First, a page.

• Chondr0itin and glucosamine actually worked for more people than the prescription did — 70 percent of participants in the celecoxib group experienced pain relief compared to placebo.
  • However, for participants in the mild pain subset, glucosamine and chondroitin sulfate seemed to do less to reduce their pain. These participants on average didn’t experience statistically significant pain relief like those with more severe pain did.

Results from another randomized, double-blind, placebo-controlled clinical trial that appeared in Arthritis and Rheumatism tested the effects of chondroitin taken by 162 symptomatic patients with osteoarthritis of the hand. The results showed that patients who experienced chronic hand pain and took 800 milligrams of chondroitin sulfate (CS) daily experienced on average modest pain relief, reduced morning stiffness and improvements in overall functionality within three to six months of regular use.

Researchers also found that the majority of patients experienced no adverse side effects due to chondroitin, which often can’t be said of other painkilling medications that can cause adverse effects like stomach ulcers, dependence, digestive issues, blood pressure problems and more. The researchers’ conclusion was that “CS improves hand pain and function in patients with symptomatic OA of the hand and shows a good safety profile.” (6)

2Helps with Injury and Exercise Recovery

Even for people without osteoarthritis, there’s evidence suggesting that chondroitin used with glucosamine helps preserve valuable cartilage, decreases pain, increases physical function and enhances self-care activities. (7) It can reduce joint stress following exercise or injury by helping the body synthesize new cartilage, keeping joints flexible and controlling the body’s natural inflammatory responses.

3. Improves Wound Healing and Skin Health

Chondroitin and glucosamine are also used together to help heal wounds, skin-related defects, inflammation of the skin and even in veterinary medicine. Chondroitin can help the body produce collagen, which is essential for skin health, healing and fighting the effects of aging on the skin.

Treatments made using chondroitin and glucosamine are often used for wound dressing even for severe wounds, plus applied over scrapes, burns and lesions to keep wounds moist and promote faster recovery. (8) Some studies have even found that in patients with burns requiring skin grafting, the use of chondroitin in treatment gels can speed up healing time and help control inflammation significantly.


How Chondroitin Works

Chondroitin is a major component of the human extracellular matrix, linking together sugar and protein molecules and serving an important role in maintaining the structural integrity of tissue. Its primary benefit and mechanism of action is stimulating regeneration of cartilage, which is the connective tissue that cushions the ends of bones within joints.

Within chondroitin are tightly packed sulfate groups that form a barrier that can withstand compression, shock and even electrostatic charges that damage tissue. Chondroitin is technically a form of a complex carbohydrate, giving it shock and water-absorbing capabilities and making it crucial for allowing joint/bone movement without friction. This is why the loss of chondroitin from cartilage is a major cause of osteoarthritis that degenerates joints.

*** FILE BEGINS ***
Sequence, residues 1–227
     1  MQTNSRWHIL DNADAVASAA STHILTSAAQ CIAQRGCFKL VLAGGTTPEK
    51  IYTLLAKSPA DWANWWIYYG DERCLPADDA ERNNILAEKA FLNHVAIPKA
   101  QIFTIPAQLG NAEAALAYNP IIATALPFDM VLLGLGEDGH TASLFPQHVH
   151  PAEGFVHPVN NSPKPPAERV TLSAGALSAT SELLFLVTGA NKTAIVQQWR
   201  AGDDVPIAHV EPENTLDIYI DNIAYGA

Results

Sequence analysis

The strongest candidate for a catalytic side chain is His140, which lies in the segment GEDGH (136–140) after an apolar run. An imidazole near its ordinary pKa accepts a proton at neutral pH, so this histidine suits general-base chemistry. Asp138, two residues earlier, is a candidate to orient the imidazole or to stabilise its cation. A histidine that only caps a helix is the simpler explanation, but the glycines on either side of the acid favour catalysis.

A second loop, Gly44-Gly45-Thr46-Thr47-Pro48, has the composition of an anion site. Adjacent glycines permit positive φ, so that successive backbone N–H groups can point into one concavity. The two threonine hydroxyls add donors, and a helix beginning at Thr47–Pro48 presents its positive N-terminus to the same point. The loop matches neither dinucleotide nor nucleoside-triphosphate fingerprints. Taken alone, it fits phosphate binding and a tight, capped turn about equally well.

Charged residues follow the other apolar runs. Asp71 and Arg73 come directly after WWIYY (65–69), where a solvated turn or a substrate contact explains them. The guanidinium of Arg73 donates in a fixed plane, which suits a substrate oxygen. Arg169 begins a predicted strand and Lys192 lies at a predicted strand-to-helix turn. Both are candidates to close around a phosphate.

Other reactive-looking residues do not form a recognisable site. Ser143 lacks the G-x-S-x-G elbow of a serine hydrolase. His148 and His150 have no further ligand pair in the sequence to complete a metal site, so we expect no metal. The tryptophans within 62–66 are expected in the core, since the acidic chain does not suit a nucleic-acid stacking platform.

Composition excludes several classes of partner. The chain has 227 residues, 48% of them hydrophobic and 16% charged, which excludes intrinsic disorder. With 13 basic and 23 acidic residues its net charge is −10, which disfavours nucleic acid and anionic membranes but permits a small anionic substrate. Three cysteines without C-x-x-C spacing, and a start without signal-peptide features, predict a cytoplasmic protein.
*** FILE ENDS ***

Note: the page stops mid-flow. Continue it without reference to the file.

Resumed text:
It’s also important for forming tissue elsewhere in the body, including the skin, GI tract and the brain. In regard to the the brain’s extracellular matrix, it helps stabilize normal brain synapses and protects the brain from injury. Following trauma to the brain, levels of chondroitin are increased rapidly to help regenerate new tissue in order to replace damaged nerve endings.

Chondroitin vs. NSAIDs

Today, chondroitin, especially when taken along with glucosamine, is a popularly prescribed alternative to nonsteroidal anti-inflammatory drugs (NSAIDs), which are prescribed or over-the-counter painkillers used for treating chronic inflammation and pain.

NSAIDs are used daily, or at least very frequently, by millions of patients who deal with chronic pain due to various health conditions. Many experience side effects as a result of using NSAIDs, such as digestive complaints, including low stomach acid, and are not able to take NSAIDs long term. Although very few studies done over a long period of time have directly compared the effectiveness of chondroitin alone with NSAIDs, the two seem to work similarly for lowering bone or joint pain and improving functionality, although chondroitin can take a bit longer to work than NSAIDs.

NSAIDs tend to reduce pain more rapidly (normally within several weeks), but then the effects commonly wear off. At this point the benefits of chondroitin and glucosamine actually start to become much more apparent, since it takes them some time to begin reducing inflammation and stimulating cartilage production. Chondroitin has been studied most in regard to treating osteoarthritis symptoms, but research also shows it might also help treat other concerns like digestive disorders and signs of aging on the skin too.